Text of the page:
I know a lot of people are going to resist this. But what I’m encouraging you to do is to make sure that you have as few ways as possible to distract yourself (in the name of “research” ) while you write.

Turn off social media and email.

Really, they’ll wait.

Unless you choose to outsource, this is the step where the rubber meets the road.  But if you’ve completed the steps above, I promise, it won’t be as painful as you might think.

Need MORE creative ideas to get out of your rut and Revive Your Blog?  Click here to receive my checklist: Revive Your Blog created just for you!

Working at Home with Kids: Tips for Productivity and Sanity

Working at home with kids might sound like an oxymoron. And I’ll be the first to admit that it’s not exactly as easy as it sounds on paper (or on screen for the techie types).  But even amid the juggling, it’s far better than the alternative, being away from them for 40+ hours a week.

Thanks but no thanks!

Still, it’s better to keep the chaos to a minimum, so I thought I’d provide some of the tips that have helped to boost my productivity and sanity while building a business and parenting 4 kids (including homeschooling the 2 oldest).

Working at Home With Kids: Tips for Productivity

1. Start with the end in mind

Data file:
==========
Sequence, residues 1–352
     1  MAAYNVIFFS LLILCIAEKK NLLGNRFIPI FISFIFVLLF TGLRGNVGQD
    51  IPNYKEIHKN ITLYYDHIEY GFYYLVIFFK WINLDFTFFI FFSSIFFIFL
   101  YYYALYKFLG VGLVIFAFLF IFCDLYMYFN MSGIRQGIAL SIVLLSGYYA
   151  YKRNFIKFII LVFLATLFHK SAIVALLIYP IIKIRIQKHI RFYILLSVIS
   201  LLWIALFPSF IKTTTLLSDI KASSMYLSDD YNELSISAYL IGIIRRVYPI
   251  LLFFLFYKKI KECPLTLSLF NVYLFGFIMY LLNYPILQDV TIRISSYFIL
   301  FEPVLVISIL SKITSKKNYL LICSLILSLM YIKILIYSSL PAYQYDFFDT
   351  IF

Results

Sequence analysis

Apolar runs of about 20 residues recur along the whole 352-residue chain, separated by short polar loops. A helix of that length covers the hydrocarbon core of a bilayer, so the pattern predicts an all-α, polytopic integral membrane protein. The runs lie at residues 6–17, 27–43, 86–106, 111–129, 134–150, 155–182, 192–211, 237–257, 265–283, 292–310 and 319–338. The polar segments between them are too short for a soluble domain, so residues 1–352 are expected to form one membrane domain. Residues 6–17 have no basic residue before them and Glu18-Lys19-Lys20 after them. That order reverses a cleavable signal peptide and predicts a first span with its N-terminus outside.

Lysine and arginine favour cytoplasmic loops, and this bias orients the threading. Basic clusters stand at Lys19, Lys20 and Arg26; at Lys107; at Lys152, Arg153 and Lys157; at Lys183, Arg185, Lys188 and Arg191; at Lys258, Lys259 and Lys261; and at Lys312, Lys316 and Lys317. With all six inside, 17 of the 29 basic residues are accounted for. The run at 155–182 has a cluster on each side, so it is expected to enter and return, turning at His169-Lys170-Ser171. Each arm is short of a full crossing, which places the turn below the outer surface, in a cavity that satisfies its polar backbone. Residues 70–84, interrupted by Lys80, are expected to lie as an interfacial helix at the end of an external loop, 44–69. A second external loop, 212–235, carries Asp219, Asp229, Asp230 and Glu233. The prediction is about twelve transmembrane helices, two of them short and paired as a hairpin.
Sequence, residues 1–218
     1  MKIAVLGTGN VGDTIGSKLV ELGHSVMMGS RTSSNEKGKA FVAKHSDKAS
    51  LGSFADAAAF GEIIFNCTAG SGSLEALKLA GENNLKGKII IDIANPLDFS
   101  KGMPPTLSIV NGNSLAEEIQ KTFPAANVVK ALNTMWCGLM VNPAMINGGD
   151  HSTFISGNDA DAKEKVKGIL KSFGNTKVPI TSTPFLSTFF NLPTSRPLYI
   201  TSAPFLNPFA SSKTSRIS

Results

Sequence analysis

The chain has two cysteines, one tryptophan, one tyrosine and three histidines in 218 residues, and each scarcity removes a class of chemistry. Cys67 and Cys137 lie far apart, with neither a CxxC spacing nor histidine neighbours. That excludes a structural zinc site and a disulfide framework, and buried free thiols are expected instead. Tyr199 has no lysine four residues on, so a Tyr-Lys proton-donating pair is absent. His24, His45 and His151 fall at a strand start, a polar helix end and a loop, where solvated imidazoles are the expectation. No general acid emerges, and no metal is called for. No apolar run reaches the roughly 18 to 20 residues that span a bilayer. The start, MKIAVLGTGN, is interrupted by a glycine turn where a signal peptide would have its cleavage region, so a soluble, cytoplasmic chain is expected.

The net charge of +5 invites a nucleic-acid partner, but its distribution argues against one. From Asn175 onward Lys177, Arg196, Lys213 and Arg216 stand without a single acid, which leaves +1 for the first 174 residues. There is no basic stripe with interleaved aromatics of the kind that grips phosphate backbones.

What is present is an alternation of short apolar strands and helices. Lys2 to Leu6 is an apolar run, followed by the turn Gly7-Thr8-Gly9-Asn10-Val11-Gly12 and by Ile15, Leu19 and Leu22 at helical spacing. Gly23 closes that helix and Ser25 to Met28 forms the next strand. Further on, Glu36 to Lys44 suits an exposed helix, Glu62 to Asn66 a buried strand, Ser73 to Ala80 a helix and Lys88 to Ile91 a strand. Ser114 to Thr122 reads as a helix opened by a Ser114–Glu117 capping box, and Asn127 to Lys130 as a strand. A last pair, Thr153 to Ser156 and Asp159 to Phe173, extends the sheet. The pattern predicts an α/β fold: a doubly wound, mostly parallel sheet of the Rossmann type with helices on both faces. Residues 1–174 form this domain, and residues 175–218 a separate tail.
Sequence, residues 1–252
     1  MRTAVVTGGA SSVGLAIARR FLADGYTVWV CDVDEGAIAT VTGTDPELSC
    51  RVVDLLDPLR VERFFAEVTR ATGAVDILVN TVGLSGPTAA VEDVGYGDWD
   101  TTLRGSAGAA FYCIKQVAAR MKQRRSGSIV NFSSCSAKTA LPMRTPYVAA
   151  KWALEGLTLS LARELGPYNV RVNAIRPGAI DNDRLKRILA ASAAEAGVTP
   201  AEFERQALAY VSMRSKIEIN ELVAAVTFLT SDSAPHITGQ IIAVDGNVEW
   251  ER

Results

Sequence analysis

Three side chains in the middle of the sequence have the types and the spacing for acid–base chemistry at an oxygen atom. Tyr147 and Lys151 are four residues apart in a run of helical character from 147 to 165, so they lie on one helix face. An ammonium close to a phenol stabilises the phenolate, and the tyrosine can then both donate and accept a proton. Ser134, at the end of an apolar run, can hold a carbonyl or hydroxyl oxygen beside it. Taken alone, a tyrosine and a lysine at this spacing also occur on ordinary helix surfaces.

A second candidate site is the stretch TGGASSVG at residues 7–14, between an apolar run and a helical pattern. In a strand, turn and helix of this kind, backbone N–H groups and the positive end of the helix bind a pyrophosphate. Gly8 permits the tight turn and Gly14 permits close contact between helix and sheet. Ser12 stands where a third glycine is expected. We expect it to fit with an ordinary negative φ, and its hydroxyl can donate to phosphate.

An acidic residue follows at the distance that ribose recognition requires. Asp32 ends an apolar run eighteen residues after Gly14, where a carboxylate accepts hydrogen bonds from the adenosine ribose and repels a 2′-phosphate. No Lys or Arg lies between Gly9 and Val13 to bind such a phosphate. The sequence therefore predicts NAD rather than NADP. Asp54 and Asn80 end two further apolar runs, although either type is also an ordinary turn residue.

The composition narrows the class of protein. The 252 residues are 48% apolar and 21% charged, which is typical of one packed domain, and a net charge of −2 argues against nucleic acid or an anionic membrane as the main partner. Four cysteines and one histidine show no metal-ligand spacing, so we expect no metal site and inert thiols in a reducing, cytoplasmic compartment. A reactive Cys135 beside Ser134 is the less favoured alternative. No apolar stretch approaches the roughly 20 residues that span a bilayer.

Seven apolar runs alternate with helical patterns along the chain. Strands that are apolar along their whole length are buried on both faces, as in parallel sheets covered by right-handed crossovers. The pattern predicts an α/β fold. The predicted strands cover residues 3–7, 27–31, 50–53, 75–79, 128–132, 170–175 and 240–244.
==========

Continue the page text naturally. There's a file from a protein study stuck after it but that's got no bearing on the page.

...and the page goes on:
This borrows from the late (and great) Stephen Covey who talked often about beginning with your end state in mind, then determine what it will take to get there.

This isn’t quite that illustrious but equally important, in my book.

Begin with the end of your day in mind. Realize that at the end of your day, you’ll be tired, grumpy, and not wanting to do anything extra that you don’t have to.  So consider giving yourself a little gift in the morning – the gift of planning ahead to take care of what you can early on, before you’re quite so worn out.

Things like – dinner preparation.  Setting out clothes and needed items for the next day. Unloading the dishwasher so it’s ready to be loaded after dinner. And other similar tasks that just make your life easier when you’re exhausted.

Two of my favorite tools for this are a slow cooker and make ahead meals (such as Make 5 Dinners in One Hour).  Whatever tool you use, consider it a gift to your future self (even if the “future” is later today) to have a plan in place to make the end of the day smoother.

2.  Routines trump schedules.

Face it – the only constant in anything, especially parenting, is change.  Schedules are a great idea, but especially if you’re parenting very young babies or toddlers, schedules aren’t always possible.  On the other hand – routines are.  Create basic routines for each part of your day (morning, mid day and evening) to help yourself stay on track and focused.  That way, if something out of the ordinary happens, you’ll be able to pick up right where you left off.